I'm modeling how various landscape and ecological factors affect the I'd like to evaluate how well my negative binomial model performs over the null. I've specified an offset variable in my model to account for the fact that my areas sampled aren't all equal.
Here's the full model:
model.nb = glm.nb(tally ~ elev + slp + BA + offset(log(area)), data = data, maxit=1000)
If I want to see how much more deviance this model explains over a null model, should I include the offset variable in my null model? I.e., which of the two following nulls should I use?
# Null with offset model.nb.null.off = glm.nb(tally ~ 1 + offset(log(area)), data = data, maxit=1000) # Null without offset model.nb.null = glm.nb(tally ~ 1, data = data, maxit=1000)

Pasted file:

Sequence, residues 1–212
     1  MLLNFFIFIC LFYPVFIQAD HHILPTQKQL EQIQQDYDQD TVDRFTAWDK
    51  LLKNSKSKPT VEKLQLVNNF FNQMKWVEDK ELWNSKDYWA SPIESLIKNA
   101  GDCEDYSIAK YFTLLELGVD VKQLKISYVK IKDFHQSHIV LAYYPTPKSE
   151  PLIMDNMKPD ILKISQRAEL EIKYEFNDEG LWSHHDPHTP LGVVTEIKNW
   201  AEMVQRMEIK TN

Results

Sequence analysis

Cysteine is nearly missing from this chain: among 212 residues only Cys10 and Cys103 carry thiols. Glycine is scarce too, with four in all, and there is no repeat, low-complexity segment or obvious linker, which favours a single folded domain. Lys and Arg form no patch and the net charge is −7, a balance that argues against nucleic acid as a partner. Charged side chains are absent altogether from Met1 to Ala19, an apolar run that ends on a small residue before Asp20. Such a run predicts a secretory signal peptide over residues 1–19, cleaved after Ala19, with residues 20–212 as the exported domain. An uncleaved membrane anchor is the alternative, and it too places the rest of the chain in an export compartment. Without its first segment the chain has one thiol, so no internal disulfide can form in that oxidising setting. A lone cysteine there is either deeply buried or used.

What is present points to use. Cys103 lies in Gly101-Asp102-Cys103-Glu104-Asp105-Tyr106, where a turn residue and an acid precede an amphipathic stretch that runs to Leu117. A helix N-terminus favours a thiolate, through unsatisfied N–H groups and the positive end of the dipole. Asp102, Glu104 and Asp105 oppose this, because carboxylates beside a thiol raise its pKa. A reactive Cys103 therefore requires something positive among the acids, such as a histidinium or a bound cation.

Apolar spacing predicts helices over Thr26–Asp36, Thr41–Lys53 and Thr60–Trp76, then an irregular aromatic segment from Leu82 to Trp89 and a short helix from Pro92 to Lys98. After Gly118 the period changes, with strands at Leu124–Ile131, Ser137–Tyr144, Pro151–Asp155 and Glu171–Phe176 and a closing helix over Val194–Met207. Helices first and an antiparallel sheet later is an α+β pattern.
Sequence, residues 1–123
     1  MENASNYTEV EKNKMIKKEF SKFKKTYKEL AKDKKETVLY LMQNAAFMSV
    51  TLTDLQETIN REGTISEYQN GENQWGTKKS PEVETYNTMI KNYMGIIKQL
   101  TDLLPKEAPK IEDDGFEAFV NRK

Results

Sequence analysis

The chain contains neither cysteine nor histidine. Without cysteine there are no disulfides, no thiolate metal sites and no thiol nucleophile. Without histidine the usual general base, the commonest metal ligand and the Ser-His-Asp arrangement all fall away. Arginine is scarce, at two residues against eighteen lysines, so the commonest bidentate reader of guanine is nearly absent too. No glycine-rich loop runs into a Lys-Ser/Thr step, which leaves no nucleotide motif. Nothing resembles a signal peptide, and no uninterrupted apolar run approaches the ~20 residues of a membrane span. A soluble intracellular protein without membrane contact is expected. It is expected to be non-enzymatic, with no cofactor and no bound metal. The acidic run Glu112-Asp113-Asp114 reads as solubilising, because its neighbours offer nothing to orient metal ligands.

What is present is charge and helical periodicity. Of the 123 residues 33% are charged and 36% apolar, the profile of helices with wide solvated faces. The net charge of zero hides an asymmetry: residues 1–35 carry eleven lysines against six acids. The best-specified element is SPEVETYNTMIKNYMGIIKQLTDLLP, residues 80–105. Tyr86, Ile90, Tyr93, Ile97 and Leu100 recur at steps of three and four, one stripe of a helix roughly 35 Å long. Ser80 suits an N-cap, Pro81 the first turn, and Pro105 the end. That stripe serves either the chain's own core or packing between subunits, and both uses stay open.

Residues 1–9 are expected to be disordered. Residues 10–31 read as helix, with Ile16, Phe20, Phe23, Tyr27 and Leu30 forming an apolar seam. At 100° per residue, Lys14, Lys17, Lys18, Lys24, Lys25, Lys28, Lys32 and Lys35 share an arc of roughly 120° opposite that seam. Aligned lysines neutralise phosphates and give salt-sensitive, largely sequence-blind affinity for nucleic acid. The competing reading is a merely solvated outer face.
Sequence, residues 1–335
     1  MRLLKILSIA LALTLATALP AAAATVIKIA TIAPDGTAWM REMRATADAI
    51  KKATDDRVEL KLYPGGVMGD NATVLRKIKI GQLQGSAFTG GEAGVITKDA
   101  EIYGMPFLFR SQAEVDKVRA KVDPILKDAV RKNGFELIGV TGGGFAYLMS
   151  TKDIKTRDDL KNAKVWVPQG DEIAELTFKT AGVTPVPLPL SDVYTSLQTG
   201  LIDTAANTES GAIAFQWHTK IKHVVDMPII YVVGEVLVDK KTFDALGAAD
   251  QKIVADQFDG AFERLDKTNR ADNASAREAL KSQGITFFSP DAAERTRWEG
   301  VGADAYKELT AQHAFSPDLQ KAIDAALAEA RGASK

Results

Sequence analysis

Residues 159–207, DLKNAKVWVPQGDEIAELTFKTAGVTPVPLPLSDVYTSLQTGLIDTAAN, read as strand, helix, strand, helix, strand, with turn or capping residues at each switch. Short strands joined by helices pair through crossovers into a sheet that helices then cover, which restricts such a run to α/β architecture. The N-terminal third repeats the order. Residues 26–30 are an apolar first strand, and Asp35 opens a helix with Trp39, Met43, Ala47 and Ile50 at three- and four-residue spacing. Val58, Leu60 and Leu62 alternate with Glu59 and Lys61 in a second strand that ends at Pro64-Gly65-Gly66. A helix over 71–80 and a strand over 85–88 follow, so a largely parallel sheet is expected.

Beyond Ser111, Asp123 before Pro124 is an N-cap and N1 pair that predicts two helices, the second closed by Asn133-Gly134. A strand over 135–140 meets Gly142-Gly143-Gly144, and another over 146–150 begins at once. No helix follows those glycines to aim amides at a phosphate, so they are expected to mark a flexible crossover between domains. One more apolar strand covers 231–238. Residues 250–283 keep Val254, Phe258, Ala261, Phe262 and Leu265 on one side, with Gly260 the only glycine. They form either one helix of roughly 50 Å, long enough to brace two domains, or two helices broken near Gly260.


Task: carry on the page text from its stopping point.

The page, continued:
Because the offset is a predictor variable with the coefficient fixed at 1, I could rationalize dropping it in the null, in which I'm dropping all predictor variables except an intercept. However, that offset is fundamentally changing my tallies to rates -- and a rate is really what I should be modelling for each site, given differences in sampling area.
N.b., this is how I intend to compare the two models:
## Proportional increase in explained deviance (aka pseudo R^2) # Option 1 (with offset in null) (deviance(model.nb.null.off) - deviance(model.nb.step))/deviance(model.nb.null.off) * 100 # Option 2 (without offset in null) (deviance(model.nb.null) - deviance(model.nb.step))/deviance(model.nb.null) * 100
Thanks for any guidance!